My back was pressed up against plexiglass, a wall of windows facing out into the hallway. I was on display, an exhibit for other college students to peer at as they walked to their classes.
The counselor opened up a cabinet behind her — it was stuffed with off-brand tissue boxes, and I wondered if that was all she had in those cabinets. She set a box on her desk, within my reach.
“How is the wedding planning going?”
“We’re not getting married anymore,” I told her. “He called it off.”
My ex was smacking his lips, brownie crumbs on the corners of his mouth. He looked at me and told me: “I just can’t trust that you’re going to be a godly, submissive wife.” I cringed.
The counselor was trying to be empathic to my situation. She looked at me and said, “Oh, I’m so sorry. That’s horrible.”
“Yeah,” I answered.
The counselor’s expression changed. She asked, “Was there, possibly, sexual sin?”
“Well, I don’t know how to talk about it,” I told her.
Cold, shivering, my back against blue shag carpet. Pain, cursing, “No, no, please, no,” falling out of my mouth.
“If there was sin in your relationship with him, Samantha, you need to repent of it,” she cooed. “Unrepentance can do so much damage to your heart.”
“I don’t think, I don’t think I would call what happened sin, though,” I stammered. “He — he hurt me.”
“It’s important, though, that you face what you are responsible for,” she continued as I sat there in disbelief. “If you don’t repent, then your relationship with God is broken and can’t be mended. You need God’s grace and forgiveness — and you need to forgive your ex as well. If you don’t forgive him, then bitterness will take seed and that bitterness will be so much worse than anything he could have done.”
The secretary looked up from her notepad and keyboard.
“They said that if I wanted to change my chapel seat, it would have to be approved by Student Life?”
“And why do you need to change your seat assignment?”
“My ex, he — well, he follows me around after chapel and it’s making me uncomfortable.”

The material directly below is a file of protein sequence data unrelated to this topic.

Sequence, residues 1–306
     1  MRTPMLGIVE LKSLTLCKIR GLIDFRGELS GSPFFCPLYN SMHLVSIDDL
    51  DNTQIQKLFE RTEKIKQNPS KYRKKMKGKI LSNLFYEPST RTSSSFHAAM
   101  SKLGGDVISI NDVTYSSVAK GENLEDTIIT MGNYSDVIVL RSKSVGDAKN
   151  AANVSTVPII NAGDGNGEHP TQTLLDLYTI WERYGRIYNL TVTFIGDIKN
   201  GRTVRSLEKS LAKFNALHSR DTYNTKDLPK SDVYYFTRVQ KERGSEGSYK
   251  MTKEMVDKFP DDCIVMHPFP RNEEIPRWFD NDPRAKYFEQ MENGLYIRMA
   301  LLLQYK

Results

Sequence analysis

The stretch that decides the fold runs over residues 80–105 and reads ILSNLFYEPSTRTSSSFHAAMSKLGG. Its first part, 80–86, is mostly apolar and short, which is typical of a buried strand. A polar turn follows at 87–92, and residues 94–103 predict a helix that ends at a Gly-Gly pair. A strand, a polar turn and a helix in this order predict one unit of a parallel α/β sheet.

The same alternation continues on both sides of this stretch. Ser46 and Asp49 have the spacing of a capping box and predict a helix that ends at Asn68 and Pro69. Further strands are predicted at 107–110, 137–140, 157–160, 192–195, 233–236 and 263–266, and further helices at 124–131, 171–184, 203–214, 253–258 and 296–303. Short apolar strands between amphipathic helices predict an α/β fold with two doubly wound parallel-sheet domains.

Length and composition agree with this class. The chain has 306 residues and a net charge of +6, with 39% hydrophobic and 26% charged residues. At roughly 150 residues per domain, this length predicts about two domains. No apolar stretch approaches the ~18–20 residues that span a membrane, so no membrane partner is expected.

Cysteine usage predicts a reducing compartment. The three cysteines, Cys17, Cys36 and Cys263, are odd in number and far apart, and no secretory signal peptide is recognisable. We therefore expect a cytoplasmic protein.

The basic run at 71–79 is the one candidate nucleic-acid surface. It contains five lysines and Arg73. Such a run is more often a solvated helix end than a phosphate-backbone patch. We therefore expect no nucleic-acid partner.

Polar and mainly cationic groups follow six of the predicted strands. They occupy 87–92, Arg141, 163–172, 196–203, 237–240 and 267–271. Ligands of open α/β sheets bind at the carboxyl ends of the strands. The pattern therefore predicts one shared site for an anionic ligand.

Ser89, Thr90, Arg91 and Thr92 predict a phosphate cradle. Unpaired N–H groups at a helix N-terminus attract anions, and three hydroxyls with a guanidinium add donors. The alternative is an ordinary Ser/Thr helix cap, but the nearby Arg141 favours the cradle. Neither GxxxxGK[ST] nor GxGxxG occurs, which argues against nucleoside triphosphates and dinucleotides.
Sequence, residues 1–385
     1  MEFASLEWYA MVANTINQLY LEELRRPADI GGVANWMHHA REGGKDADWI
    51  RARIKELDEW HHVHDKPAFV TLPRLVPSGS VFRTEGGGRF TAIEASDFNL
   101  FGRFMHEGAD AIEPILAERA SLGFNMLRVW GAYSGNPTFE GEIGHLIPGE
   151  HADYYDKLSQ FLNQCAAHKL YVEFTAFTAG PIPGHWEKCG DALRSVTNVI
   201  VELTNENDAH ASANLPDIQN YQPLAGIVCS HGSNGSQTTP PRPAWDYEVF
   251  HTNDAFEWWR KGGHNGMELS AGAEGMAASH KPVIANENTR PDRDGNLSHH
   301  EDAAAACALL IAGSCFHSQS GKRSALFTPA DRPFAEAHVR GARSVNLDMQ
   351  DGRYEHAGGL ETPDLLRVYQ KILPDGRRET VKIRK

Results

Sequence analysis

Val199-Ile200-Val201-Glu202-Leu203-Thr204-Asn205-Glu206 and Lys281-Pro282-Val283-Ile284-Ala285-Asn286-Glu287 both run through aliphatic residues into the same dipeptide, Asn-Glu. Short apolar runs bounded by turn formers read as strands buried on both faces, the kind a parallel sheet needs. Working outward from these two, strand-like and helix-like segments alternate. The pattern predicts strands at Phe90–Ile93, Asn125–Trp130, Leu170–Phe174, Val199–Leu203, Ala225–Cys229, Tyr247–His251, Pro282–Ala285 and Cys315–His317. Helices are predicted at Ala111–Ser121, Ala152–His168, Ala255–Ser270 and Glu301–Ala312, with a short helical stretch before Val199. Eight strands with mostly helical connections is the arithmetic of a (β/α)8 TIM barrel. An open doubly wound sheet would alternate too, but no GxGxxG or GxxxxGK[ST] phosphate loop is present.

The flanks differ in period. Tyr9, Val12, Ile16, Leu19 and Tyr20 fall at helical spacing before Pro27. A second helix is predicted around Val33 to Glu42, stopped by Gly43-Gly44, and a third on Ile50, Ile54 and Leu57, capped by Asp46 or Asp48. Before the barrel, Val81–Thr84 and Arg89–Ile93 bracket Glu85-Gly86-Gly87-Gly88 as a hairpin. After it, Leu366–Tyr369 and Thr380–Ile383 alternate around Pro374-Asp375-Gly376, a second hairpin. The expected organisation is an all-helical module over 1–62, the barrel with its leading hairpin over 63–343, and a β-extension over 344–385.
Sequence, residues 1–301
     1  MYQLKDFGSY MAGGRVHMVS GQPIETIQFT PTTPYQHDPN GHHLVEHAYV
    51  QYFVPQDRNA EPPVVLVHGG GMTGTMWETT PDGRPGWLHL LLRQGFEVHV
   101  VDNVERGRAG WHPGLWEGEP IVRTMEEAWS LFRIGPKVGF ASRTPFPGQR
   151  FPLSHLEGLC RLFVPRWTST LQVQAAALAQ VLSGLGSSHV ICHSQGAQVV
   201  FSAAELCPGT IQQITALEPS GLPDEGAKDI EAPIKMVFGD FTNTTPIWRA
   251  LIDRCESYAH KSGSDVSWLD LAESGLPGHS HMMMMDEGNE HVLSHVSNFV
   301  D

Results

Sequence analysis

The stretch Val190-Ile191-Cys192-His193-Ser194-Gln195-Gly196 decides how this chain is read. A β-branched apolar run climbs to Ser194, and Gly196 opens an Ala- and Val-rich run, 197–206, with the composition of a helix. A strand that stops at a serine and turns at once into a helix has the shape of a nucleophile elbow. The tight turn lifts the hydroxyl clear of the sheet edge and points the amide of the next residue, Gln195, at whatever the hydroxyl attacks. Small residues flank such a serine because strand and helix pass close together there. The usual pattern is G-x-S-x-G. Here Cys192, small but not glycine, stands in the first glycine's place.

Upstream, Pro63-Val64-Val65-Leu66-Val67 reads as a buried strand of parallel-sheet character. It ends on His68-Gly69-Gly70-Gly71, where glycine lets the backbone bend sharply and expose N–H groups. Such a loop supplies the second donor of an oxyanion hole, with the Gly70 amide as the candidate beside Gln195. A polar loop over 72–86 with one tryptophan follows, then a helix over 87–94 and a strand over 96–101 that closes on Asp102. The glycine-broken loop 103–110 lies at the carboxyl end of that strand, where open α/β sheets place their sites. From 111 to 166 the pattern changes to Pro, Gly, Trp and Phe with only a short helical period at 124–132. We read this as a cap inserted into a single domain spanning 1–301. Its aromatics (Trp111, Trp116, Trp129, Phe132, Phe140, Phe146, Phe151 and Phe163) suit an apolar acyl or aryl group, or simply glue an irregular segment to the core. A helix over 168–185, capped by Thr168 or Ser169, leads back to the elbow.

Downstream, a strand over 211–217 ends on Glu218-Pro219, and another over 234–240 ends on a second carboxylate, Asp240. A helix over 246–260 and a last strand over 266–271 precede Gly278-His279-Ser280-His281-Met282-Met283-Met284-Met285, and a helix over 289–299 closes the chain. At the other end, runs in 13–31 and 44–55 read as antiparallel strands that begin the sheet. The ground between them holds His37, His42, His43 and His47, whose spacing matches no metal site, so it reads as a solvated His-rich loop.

The dean emerged from her office. “What do you mean?”
“He sits two rows directly behind me, and he waits for me when chapel is over, then he follows me around, trying to talk to me,” I told them.
“This sounds like a personal issue that needs to be resolved between the two of you.”
“But I’ve tried. I’ve asked him so many times to stop — to just leave me alone. But he doesn’t. He follows me everywhere, and he says horrible things, and causes scenes.”
“From what we’ve heard, you’re the one causing scenes,” the dean told me. “You could learn a little self-control. Stop antagonizing him, and he’ll eventually leave you alone.”
I graduated from Pensacola Christian College, a fundamentalist Christian school in Florida. I enrolled there because my family and I honestly believed that I would be safe there. We believed that the dangers present at secular colleges were absent from PCC’s campus — there was no partying, no drinking, no drugs, and most especially no sex.
The reality was much different and much harsher. I wasn’t safe. At all.
Over the years that I was in a relationship with another PCC student, I was manipulated, verbally attacked, physically abused, sexually assaulted and raped. When I finally — finally — had the courage to tell my ex that he couldn’t call me a “goddamn f**king bitch” anymore, he broke our engagement two weeks later.